During a Faculty of Arts and Science Senate meeting held on Oct. 15, Senate Chair and professor of African American studies, history and American studies Matthew Jacobson read a prepared statement about how faculty should respond to current events such as the pandemic and racial tension in the U.S., especially in the weeks leading up to the presidential election.
The statement asked faculty members to be cognizant of the stresses that students may be feeling with regards to the presidential election, specifically recommending that faculty move assigned coursework originally scheduled for close to the election to a later date. In interviews with the News, four faculty members and students expressed appreciation for the sentiments of the statement, with faculty giving examples of how those recommendations are being implemented in their classrooms.
“We cannot promise our students that everything will be fine,” Jacobson wrote in his statement. “But we can promise that we hear them, that we are continuing to listen, that we share their concerns and fears and also their hopes, that we are all in this together, that we will have their backs as best we can, and that — as history shows — our shared and collective studies are among the antidotes to such periods of social and political travail.”
The student push for accommodations on Election Day is months in the making and is primarily led by Yale Votes, a nonpartisan coalition formed by the Yale College Council, Every Vote Counts and the Yale College Democrats.
A campus outreach coordinator for Yale Votes, Alex Halberstam ’22, told the News that the group is in the process of asking faculty to pledge that they will assign no coursework or exams on Election Day, as well as providing excused absences to students who will be working as poll workers.
Halberstam referenced her “Principles of Biochemistry I” professor Candice Paulsen as an example. She recently moved their Nov. 3 discussion section two days later.
As of Wednesday afternoon, 43 professors have signed onto the pledge.
While Halberstam said that much of the work they are doing surrounding coursework on Election Day is centered around making sure students are able to vote and work the polls, the stress that students feel leading up to an election that can be “very high stakes and personal,” and is “certainly part of our work, too.”
Tamar Gendler, dean of the Faculty of Arts and Sciences, told the News that, while the election is an important stressor for many students, there are other concerns that make the world a challenging environment. Gendler listed international students living in a setting with political crackdowns or students with challenging home situations as some examples.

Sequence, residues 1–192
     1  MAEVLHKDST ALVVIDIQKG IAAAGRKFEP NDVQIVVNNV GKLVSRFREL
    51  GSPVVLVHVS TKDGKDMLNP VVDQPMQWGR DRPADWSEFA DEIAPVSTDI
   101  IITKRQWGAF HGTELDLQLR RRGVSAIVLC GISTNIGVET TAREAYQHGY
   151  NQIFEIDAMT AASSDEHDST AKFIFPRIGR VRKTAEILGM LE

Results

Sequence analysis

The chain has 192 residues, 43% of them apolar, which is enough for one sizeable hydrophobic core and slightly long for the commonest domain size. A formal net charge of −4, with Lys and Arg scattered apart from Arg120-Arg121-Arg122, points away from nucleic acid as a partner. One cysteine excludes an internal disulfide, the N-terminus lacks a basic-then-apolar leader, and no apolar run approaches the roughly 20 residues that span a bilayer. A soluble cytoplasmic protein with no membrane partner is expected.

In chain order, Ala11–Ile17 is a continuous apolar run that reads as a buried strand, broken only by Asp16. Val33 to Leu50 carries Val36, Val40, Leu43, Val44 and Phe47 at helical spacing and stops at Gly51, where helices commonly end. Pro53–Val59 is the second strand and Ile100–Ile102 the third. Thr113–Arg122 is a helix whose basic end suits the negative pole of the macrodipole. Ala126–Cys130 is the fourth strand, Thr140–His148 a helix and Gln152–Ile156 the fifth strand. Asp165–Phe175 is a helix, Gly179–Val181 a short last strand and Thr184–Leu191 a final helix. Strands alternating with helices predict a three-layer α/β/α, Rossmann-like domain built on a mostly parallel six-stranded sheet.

She emphasized that faculty should remember to be humane, both in the coming weeks and throughout the semester.
Jacob Hacker, professor of political science and director of the Institution for Social and Policy Studies at Yale University, told the News that he supports the sentiment of the statement. He has been conducting his seminar with current events in mind for the entire semester.
“Each week I have included at least one reading about our present crisis related to the week’s topic,” Hacker wrote in an email to the News. “I have also set aside 30 minutes of the class to discuss our contemporary health, economic, and political crisis. The students have appreciated it.”
Daniel HoSang, associate professor of ethnicity, race and migration and American studies, also discusses current events in his seminar, “Anti-Racism, Racial Justice and Freedom,” by looking at past social movements, artists and activists. However, he also emphasized that the forces that fueled the pandemic, uprisings and stress around the election should be talked about always, not just leading up to Election Day.
Marci Shore, associate professor of history, told the News that professors need to take up space in their class to discuss the election and other crises.
She recalled four years ago, the day after the election, when her students asked her what would happen next.
“I couldn’t tell them that it would be okay,” Shore said. “I’m a historian — I knew it was not going to be okay. I could only be there with them, and start to talk through the questions, the phenomena, the historical precedents. And I felt then that it was important that I was there with them, that we were there together, even though I couldn’t reassure them of anything.”
Four years ago, Shore completely restructured her spring class, “Philosophy of History in Central Europe”, in response to the election, adding readings that specifically touched on discontent, conspiracy theories, responsibility and more.
This year, she launched a forum entitled “On the Uses and Disadvantages of Historical Comparison for Life,” which was created with the goal of helping students address the current moment.
“Understanding is not fixing,” Shore said, “but it is a necessary first step.”
Election Day is Nov. 3.
Madison Hahamy | email@example.com